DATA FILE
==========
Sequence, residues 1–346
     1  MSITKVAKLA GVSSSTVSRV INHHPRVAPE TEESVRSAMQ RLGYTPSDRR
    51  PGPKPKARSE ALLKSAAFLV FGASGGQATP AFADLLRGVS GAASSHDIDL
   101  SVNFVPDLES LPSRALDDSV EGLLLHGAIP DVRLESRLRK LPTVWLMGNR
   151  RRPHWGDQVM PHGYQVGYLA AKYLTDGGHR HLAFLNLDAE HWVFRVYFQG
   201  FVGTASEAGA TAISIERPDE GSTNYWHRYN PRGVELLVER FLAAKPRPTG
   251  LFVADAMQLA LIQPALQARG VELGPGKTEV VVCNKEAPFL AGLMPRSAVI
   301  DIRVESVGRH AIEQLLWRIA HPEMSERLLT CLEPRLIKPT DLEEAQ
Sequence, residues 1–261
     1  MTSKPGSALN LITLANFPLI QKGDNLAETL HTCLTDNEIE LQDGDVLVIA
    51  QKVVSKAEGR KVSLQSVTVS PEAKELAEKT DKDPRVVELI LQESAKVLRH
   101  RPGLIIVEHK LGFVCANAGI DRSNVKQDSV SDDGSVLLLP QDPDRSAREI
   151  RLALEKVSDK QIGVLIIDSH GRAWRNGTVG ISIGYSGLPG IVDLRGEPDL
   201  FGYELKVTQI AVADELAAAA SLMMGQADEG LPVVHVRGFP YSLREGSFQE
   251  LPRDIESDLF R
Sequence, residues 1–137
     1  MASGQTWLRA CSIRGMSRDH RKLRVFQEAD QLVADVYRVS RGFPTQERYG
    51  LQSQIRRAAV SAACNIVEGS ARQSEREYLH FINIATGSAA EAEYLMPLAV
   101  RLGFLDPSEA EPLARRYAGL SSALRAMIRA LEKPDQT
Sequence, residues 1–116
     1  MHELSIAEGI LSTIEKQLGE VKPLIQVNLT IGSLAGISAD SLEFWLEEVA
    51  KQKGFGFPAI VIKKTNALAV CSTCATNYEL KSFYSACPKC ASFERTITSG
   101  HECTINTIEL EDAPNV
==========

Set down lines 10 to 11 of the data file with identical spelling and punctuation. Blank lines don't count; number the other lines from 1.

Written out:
     1  MTSKPGSALN LITLANFPLI QKGDNLAETL HTCLTDNEIE LQDGDVLVIA
    51  QKVVSKAEGR KVSLQSVTVS PEAKELAEKT DKDPRVVELI LQESAKVLRH